Almost every Microsoft customer has started shifting to subscription-based Microsoft 365 (M365) services. These are part of the growing ‘evergreen’ Microsoft ecosystem, where individuals and organisations pay a monthly fee for use-rights to a product, rather than buying a perpetual licence.

The main advantages for end-users are a platform that’s always up-to-date, and a predictable cost per user. Microsoft and its partners benefit from stable revenues, and an opportunity to help customers right-size their licensing on a continuous basis.

A big part of that opportunity lies in looking at the bundles available through the M365 licensing program and realising the various potential sources for extra value. The bundles we typically see for businesses are:

Office 365 licensing – for example, “Office 365 Enterprise E3”

  • Access to a broad range of products including (but not limited to) Exchange Online, Teams, OneDrive, SharePoint and Office 365 applications (Word, Excel etc), depending on the licence, e.g. E3, E5, F1.
  • Includes product use-rights, a certain amount of data storage space and relevant traditional CAL equivalences
  • Does NOT include key security features such as Conditional Access, Information Protect and Endpoint Management 

Enterprise Mobility and Security suite – for example, “EMS E3”

  • Enhances security, management and governance around both data stored in 365 and users’ access to the services, again depending on the licence – E3 or E5. 

Microsoft 365 Enterprise – for example, “M365 Enterprise E3”

  • Combination packages, typically incorporating the above bundles plus a Windows Enterprise subscription.

There’s also a slew of add-on products, individual licences and special bundles, such as Microsoft 365 Business Premium, available only to specific types or sizes of clients. Reminiscent of the Windows Small Business Server editions, this is designed for organisations with fewer than 300 users and includes what Microsoft deems the most appropriate subset of features from across the wider 365 services.

Easy features you are not using

The first and simplest place to look for additional value is at the features listed within the bundles you’re subscribed to but are simply not using. A great example is SharePoint and OneDrive. So many businesses have migrated their email to Exchange Online as a first step, and started using Teams during the ongoing COVID situation, but have yet to move away from traditional file services for shared and personal documents.

Other examples include using Self-service Password Reset as part of the Azure AD Premium P1 or P2 licence, included in the EMS E3 bundle. This enables users to reset their own forgotten passwords safely and securely, rather than having to call a helpdesk.  Another good example is using the same licensing to deploy on-premises Password Protection, eliminating weak passwords across your organisation.

Displacement of other ecosystem products

Chances are that the move to 365 bundles licensing means some services in your platform that have been provided through point-solutions are now duplicated. Taking the time to locate and migrate away from these alternatives to the native Microsoft cloud brings both commercial and administrative benefits. For example, two-factor authentication products like RSA can easily be replaced by Microsoft Authenticator; and email filtering can be handed to Defender for Office 365. Because these features are deeply integrated with the rest of the 365 services, they’re easy to configure and offer greater protection by working across the board rather than as point solutions.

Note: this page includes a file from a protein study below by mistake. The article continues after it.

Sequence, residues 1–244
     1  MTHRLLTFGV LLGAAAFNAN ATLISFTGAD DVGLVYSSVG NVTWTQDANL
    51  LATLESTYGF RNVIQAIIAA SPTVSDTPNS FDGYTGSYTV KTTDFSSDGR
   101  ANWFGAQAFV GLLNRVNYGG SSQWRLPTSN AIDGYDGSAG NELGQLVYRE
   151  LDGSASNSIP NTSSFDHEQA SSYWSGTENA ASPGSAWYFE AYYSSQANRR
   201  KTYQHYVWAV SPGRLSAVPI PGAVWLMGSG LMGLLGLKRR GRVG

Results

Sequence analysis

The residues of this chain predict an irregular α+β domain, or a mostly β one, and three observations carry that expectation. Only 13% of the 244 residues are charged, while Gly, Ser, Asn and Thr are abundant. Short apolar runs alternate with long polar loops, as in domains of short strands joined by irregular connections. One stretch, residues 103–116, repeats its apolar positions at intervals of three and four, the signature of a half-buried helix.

Increasing security

Many businesses are licensed for features they haven’t implemented because of perceived complexity or time constraints. Features like Data Leakage Prevention, which stops users from accidentally sharing the wrong content, or  Azure Information Protection, which allows documents to be labelled based on their contents’ sensitivity, bring a net increase in security. 

Changes in practice can also bring benefits. Rather than emailing a copy of a file to an external user, using SharePoint links gives them access to it: fantastic for collaboration, but also tracks when they use the file and what they did with it – and allows you to revoke the access if needs be.

‘Fringe’ benefits

Every subscription gives some level of access to products, services and features that can improve your business processes. Collecting survey responses via Forms is much more efficient than using paper or an Excel spreadsheet; with PowerApps, you can collate approvals directly within Teams. In time, more of these services will offer direct access to the Microsoft Dataverse, interfacing directly with services like Exchange, Sharepoint and Dynamics. I am referring to these as ‘fringe benefits’ simply because making use of them may be costly in terms of enacting business process change.


In our experience, most businesses are currently using a fraction of the capabilities they’re paying for in the Microsoft Cloud – some of which they’re already paying for elsewhere! We can often reclaim any implementation cost by removing duplicated services or improving efficiency by reducing helpdesk calls and delays in returning users to productivity.

While implementing some of these features can seem costly, you need to offset this against not only the benefits but also the cost of not doing so. A lost password without MFA, or accidentally sharing the wrong document can cause both material and reputational damage. Plus, ever-increasing fines for data breaches and a more demanding security landscape means having not used available data security features is no longer an option.  


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